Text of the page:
Yet I didn’t give a second thought to picking up that molten flat iron and running it through my hair.

It was my LAST section!!!

Only the flat iron didn’t move quite as smoothly through my hair and the last piece looked a little different when I was finished.  Like it was sticking out or something. The next day, I ran my hand through my hair and was horrified to find that the last 2-3 inches of that section of my hair was completely singed.  Scarecrow-style.

Me: Look at my hair!  I burned it!  No, seriously, it’s singed!
Jack: Wow. It looks really dry in that spot.  How did you do that?
Me: My flat iron popped and made an electrical burning smell, but it was my last section, so I used it anyway.
Jack: Why would you do that?!?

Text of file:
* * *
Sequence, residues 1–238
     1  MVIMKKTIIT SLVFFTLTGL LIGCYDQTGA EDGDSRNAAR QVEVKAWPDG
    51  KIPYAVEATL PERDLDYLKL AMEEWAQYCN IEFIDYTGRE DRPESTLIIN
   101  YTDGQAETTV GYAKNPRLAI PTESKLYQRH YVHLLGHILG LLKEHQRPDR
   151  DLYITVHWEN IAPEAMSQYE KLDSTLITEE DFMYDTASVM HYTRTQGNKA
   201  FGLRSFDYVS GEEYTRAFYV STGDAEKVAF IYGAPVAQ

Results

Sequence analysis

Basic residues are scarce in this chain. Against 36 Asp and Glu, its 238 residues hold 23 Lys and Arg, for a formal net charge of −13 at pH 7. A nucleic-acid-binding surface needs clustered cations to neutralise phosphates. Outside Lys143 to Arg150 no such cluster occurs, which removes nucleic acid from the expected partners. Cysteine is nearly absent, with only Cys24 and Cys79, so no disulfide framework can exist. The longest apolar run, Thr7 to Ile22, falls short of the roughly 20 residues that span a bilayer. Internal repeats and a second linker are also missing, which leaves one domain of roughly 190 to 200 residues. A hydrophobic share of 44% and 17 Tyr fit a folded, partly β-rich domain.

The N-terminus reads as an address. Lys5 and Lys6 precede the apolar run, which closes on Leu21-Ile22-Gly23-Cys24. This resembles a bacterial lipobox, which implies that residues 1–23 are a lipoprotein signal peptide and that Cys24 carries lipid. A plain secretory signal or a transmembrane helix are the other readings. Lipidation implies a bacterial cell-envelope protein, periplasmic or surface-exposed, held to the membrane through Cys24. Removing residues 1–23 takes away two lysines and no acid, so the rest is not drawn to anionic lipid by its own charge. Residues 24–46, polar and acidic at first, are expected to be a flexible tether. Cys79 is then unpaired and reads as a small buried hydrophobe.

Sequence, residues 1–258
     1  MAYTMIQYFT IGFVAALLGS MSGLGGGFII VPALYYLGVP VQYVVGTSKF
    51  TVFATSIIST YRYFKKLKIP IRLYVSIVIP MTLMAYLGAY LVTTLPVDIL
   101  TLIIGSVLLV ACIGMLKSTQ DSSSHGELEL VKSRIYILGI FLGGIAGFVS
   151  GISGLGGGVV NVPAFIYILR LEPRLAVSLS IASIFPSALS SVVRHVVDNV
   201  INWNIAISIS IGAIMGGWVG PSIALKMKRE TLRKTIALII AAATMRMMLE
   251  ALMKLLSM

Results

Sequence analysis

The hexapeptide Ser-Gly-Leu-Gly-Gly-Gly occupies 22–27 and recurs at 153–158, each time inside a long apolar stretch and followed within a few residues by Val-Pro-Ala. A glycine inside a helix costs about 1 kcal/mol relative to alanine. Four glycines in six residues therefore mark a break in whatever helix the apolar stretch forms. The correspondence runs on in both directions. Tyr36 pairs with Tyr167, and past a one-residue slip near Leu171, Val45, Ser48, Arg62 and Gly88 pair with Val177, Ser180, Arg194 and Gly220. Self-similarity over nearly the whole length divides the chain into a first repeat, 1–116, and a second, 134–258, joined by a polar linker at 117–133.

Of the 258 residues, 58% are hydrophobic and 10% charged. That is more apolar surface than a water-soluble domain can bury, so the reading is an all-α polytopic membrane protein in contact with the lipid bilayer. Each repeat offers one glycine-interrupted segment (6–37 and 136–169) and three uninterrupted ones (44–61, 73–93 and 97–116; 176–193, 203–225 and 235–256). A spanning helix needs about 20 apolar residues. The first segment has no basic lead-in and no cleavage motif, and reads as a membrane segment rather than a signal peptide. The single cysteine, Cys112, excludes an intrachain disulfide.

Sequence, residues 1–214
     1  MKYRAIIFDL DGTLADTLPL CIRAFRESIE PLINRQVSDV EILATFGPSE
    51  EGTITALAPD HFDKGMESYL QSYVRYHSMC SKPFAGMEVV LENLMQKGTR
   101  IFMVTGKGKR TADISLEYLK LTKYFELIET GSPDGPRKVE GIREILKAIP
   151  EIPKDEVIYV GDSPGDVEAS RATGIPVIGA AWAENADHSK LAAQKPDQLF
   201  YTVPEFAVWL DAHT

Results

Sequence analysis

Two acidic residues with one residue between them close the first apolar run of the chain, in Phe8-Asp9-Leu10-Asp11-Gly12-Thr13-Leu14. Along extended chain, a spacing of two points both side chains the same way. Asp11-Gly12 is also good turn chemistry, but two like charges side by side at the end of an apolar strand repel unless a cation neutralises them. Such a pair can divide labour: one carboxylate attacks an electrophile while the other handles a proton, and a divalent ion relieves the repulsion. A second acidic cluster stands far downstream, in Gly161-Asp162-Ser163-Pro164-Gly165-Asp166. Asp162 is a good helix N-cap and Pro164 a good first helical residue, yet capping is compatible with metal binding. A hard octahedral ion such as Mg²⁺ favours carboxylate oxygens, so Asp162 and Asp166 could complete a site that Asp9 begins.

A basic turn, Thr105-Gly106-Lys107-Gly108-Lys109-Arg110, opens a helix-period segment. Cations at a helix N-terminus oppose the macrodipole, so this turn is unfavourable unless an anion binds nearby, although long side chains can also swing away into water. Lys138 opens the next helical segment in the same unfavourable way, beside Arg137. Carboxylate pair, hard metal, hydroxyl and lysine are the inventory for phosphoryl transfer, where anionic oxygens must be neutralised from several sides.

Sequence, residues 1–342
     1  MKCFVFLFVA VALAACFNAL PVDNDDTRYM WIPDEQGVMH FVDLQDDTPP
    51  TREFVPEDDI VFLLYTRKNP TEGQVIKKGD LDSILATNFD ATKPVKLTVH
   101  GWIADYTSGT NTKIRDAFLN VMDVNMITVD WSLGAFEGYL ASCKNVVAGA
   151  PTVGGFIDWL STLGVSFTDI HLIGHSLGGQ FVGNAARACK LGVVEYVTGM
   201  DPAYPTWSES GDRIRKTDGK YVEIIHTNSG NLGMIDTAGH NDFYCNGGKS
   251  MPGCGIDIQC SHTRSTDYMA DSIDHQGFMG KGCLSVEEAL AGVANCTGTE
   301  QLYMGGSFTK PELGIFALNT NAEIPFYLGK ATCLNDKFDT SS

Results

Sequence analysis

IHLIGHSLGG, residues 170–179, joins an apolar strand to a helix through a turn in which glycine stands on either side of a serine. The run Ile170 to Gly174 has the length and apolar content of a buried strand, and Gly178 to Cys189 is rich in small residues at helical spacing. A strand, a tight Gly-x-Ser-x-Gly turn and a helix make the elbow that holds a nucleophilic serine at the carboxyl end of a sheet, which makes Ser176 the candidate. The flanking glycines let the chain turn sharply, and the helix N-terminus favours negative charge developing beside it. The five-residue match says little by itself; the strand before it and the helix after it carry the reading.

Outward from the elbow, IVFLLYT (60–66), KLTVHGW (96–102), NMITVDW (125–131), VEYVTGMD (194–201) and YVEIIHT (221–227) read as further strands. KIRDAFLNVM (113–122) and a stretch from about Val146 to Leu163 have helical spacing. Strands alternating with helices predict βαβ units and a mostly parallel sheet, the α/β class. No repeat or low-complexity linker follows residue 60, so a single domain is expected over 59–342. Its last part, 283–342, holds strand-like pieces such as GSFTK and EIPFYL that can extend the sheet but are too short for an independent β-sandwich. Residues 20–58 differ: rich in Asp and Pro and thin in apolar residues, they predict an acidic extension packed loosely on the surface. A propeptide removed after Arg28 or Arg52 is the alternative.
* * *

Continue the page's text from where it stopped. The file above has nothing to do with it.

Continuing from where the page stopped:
Me: It was my LAST section!!

I ended up calling my stylist, who expressed concern through her giggles, and told me to pop in and she’d see if she could fix it.  And she did.  She managed to work a small miracle and cut most of the singed part off.  Of course, my layers are a little shorter than they usually are, so I may or may not look like Shaun Cassidy.  Whatever.  It could be worse.  I could have set my whole head (and the house) on fire.


8 thoughts on “Hair On Fire

  1. Girl, I’ve spent countless dollars trying every product imaginable. I can hear my hair snickering as I smooth or spray it on. Nothing works. NOTHING!!

  2. So sorry to hear you had a bad hair day! The QVC queen suggests one of two things either Ojon products, which I think would work best–you can also buy then at Ulta or Chaz Dean Wen products. If Ojon doesn’t work then try Wen.
    Jack is going to kill me I’m always giving you advice by telling you to buy something.

  3. Pingback: Kill Me Keratin (I’ll Still Love You) « Stunningly Superficial